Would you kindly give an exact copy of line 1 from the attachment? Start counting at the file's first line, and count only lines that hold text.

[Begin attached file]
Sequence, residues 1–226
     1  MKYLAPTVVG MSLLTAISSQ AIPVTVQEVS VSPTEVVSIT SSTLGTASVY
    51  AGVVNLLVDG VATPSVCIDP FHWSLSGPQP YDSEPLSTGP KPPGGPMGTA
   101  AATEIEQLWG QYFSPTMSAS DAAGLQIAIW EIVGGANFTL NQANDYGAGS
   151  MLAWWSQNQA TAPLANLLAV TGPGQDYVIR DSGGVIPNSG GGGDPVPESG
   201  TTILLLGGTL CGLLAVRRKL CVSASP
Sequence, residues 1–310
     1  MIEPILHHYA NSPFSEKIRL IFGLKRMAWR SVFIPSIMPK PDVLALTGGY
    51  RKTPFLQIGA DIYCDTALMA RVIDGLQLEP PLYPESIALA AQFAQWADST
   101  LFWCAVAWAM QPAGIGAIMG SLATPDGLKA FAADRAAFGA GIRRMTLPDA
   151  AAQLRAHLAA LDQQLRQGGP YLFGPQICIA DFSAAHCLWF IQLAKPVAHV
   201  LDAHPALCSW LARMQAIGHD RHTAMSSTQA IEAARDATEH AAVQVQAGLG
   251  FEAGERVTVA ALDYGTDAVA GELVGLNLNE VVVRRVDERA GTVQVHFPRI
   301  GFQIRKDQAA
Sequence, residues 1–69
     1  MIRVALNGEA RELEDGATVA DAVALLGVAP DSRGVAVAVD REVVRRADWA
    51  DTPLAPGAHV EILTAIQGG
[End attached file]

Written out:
Sequence, residues 1–226